Small Changes In A Small Number Of Flight Could Drastically Reduce Their Environmental Impact

in hive-196387 •  2 months ago 

Nowadays some people are voluntarily stopping flying with planes because of their environmental impact. But there is another option.


Image by winterseitler from Pixabay

Black Carbon Is The Danger

Aerial transportation currently accounts for about 5 % of man-made climate change. And as it is likely to rise in the future many are afraid that aerial transportation could become one of the worst-solvable sources of climate change. Some decided to stop flying altogether because of this. At this moment we essentially have two choices – either we succumb and send planes to museums or we try to do something about it.

Marc Stettler from Imperial College London and his colleagues decided to do something about it. They say they found an extremely simple and fully doable way that could reduce the impact of aerial transportation on the climate by at least a half.

When it comes to climate change and aerial transportation about half of its effects it has come from the carbon dioxide emissions produced by the engines of planes. The rest is caused by particles of black carbon. Black carbon has a much higher climate change potential compared to carbon dioxide. And it is precisely black carbon that plays a key role in the creation of contrail (not crazy conspiracy chemtrails) that you can see in the sky.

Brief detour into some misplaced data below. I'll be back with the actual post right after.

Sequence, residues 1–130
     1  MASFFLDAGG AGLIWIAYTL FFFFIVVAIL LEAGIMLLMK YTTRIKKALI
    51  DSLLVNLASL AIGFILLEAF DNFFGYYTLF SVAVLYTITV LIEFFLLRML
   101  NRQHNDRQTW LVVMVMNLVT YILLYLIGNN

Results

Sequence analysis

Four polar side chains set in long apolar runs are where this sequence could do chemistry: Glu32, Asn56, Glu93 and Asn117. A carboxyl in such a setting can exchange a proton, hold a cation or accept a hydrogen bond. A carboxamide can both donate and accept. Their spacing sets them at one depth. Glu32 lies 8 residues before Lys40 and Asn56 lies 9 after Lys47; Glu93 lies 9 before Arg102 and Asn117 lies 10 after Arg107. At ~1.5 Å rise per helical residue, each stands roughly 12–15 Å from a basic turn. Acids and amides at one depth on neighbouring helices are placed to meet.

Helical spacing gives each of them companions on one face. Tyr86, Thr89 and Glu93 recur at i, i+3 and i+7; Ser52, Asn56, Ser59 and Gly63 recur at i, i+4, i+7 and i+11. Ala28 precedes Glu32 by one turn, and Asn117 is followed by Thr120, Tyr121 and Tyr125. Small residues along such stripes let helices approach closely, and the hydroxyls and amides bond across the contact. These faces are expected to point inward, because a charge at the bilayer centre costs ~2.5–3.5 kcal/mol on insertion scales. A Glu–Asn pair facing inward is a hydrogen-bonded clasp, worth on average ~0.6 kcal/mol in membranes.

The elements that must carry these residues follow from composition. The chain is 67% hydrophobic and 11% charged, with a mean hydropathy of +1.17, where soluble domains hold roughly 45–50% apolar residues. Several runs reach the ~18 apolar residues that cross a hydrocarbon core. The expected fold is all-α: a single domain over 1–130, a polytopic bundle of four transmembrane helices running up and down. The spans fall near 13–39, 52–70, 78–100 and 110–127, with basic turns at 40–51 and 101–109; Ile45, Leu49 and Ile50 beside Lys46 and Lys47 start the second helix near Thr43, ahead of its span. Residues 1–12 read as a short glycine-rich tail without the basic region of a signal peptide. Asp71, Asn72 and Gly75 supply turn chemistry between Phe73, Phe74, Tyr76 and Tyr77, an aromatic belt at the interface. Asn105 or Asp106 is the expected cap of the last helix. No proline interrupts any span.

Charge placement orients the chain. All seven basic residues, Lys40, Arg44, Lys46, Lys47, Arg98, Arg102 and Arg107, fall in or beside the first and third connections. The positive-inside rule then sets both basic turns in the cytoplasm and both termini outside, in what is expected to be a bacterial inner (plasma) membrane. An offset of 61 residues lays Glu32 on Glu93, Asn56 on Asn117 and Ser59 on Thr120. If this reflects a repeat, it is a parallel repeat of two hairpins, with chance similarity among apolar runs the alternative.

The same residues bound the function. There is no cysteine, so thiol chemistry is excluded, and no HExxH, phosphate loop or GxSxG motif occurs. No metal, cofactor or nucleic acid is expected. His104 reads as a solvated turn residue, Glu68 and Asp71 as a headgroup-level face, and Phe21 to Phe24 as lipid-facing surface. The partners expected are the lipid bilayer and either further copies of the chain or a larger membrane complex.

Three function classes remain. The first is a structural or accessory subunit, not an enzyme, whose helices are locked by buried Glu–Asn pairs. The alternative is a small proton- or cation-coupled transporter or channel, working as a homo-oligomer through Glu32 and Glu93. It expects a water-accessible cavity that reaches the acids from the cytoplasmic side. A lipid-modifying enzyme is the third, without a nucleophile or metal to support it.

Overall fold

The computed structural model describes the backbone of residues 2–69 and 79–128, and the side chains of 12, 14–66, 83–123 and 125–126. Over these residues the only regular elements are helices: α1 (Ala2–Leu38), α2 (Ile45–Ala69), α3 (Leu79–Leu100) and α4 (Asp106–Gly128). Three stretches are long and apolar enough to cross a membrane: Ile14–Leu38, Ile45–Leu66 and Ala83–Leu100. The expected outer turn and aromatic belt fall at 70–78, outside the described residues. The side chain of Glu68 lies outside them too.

The effect of contrails on the climate is somewhat unclear. What we do know is that their creation and longevity heavily depends on the atmospheric conditions. They can exist for just a few seconds or up to eighteen hours. Previous propositions said we should have planes fly only in the part of air where long-lasting contrail form. But if all planes behaved like that then the amount of fuel needed would increase dramatically and the situation would not improve by much in the end.

Stettler’s team came with the fact that you just need to do small adjustments to a minimal number of flights. Their calculations suggest that 80 % of the effect of aerial transportation on the climate is done by just 2.2 % of all flights. These are late afternoon or night flights that take place during conditions that are particularly ideal for the creation of contrails.

Thus, the solution might be just to change the flight paths of this 2.2 % of flights. Just have the planes fly 610 meters lower during the summer and 610 meters higher during the winter. The effect this would have on fuel consumption would be completely negligible – just 0.014 % of all fuel consumed. This is completely easy and theoretically can be done very soon.

The authors of the study also say that there are technologies that drastically reduce the amount of black carbon produced by engines. If all planes switched their old engines to new ones with the technology then in combination with the changes in trajectories of the 2.2 % of flights we could eliminate an incredible 92 % of the effect aerial transportation has on the climate. And that would be awesome.


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